REWATCHABILITY: Medium
- It's fun, it has something to say about the nature of evil, but it just doesn't fit the world of Millennium well at all. As a lost episode of Angel however...

Comments

I agree. This one is such an odd-duck episode but yet I found myself really enjoying it.
Anonymous said…
Personally, I rate the rewatchability of this one as "Infinite". It's not standard "Millennium" fare, it doesn't fit the tone, but bear in mind I've been losing faith in "Millennium" by this point in the series. If they're going to have demons responsible for (some of) the evil in the world, then it follows that we might see some of them.

That last demon, I think, had something to do with the metaphysical impossibility of pure evil: pure evil must be destructive to all things, even itself, therefore nothing that exists can be pure evil. Which leads to the possibility of demons actually wanting love and comfort. I don't think his leaving her was part of his plan, it had more to do with his self-image (cruel and unloving) coming into conflict with what he actually wanted (love from this one woman). And that's how he made hell for himself when he could have paradise.
Siskoid said…
The last story is definitely the best and the most ambiguous. I love it to bits. Unfortunately, I don't rate the first three as highly. Amusing, but nowhere near this level of craft.
Anonymous said…
You may or may not recall the dancing baby that Ally McBeal was seeing a lot at the time, to an irritating level of cultural saturation:

https://www.youtube.com/watch?v=rWyb93tiVQQ

So that little demon baby with the heavy metal music ... oh God, that was just what the doctor ordered.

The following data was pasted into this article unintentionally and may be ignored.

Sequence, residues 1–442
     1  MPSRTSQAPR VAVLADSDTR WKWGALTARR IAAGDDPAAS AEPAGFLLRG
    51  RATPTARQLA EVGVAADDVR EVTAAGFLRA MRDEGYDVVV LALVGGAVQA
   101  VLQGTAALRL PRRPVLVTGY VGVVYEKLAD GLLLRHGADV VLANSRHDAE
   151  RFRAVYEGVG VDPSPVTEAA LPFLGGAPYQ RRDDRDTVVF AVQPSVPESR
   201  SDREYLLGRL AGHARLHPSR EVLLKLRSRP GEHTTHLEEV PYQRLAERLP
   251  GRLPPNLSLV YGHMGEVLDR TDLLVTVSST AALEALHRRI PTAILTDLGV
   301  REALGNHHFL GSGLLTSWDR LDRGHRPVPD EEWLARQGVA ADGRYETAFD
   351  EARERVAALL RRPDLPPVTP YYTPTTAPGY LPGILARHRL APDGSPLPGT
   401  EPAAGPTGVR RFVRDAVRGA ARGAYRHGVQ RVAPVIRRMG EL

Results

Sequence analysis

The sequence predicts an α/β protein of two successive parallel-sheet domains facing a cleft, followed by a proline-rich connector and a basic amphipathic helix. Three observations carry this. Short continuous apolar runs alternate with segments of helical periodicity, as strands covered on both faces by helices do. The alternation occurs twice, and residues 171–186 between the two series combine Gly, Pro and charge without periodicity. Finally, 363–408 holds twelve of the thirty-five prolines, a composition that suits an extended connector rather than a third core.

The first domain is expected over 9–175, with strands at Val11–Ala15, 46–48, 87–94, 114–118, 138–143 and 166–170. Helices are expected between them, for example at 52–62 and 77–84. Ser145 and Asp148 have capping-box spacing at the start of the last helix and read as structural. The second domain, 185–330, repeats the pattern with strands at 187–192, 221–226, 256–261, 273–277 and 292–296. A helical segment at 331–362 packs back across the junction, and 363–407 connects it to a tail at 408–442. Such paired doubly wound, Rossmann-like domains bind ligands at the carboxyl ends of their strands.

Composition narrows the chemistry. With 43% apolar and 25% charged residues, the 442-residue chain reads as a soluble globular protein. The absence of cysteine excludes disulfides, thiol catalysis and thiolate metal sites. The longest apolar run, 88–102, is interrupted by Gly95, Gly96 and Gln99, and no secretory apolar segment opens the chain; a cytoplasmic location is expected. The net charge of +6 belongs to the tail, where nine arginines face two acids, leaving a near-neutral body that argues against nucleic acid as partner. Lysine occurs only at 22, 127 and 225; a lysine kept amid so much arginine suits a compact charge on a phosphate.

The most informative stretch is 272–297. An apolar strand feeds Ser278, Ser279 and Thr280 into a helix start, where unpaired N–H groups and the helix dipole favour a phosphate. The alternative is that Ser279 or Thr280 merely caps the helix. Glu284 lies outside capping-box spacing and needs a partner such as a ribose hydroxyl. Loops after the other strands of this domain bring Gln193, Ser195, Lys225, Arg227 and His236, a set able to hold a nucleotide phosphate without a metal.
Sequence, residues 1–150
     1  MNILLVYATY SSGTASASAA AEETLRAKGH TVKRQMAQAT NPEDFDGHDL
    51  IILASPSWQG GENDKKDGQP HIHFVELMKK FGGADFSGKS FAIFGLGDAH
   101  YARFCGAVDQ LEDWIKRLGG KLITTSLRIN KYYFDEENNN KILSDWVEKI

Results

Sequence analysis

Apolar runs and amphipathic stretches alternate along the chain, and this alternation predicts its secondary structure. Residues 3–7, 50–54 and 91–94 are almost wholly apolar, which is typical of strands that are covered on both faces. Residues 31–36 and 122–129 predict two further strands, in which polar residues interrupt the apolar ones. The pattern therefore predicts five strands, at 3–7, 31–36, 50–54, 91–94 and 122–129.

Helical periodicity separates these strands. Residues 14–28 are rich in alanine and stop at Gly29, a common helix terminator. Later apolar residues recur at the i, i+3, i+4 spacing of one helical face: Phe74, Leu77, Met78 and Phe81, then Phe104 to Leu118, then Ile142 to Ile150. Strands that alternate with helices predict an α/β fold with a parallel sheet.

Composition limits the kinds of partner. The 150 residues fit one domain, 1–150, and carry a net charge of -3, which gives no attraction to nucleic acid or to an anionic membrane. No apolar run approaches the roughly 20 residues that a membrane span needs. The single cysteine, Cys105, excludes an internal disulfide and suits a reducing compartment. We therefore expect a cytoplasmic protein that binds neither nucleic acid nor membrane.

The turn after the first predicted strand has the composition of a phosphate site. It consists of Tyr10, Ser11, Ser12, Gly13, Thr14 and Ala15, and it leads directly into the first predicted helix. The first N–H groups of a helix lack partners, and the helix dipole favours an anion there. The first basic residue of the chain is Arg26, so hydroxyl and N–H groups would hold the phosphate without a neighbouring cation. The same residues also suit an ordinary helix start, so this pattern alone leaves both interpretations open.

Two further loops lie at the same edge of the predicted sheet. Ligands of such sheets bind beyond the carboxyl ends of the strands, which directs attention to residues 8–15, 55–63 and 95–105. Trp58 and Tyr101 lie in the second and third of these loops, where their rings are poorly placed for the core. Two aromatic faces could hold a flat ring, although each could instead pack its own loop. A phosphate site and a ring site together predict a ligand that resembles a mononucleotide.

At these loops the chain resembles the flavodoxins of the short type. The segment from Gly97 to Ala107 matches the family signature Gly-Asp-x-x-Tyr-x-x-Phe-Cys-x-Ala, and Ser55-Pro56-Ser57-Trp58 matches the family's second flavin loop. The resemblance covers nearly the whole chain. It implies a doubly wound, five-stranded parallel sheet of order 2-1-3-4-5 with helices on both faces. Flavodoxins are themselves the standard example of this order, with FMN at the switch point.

Siskoid said…
Ah yes! I knew that was a reference to something, I just couldn't remember what exactly. Totally a dig at Ally McBeal!

The joke has aged strangely though.
Anonymous said…
To me the joke is eternally fresh because of that damn dancing baby. There was no escaping it. Even check out the page from "DC 2000" where the WWII-era JSA get their hands on a laptop from the future:

http://sevenhells.blogspot.com/2006/03/greatest-jlajsa-crossover-never-told.html

Side note, the Seven Hells! blog is publishing new content these days -- irregularly, but it's still new content, and Devon remains The Man.
snell said…
The difficulty with D. Morgan's Millennium episodes is that the damned show never firmly decided what it wanted to be, and therefore was a moving target that was perhaps too difficult to successfully engage with self-parody. The X-Files was firmly settled into it's groove by Season 3, and it was easy for Morgan to poke at it's tropes. Millennium? It never really settled, due to direction changes & producer changes. Harder to self-mock...
Siskoid said…
Excellent point.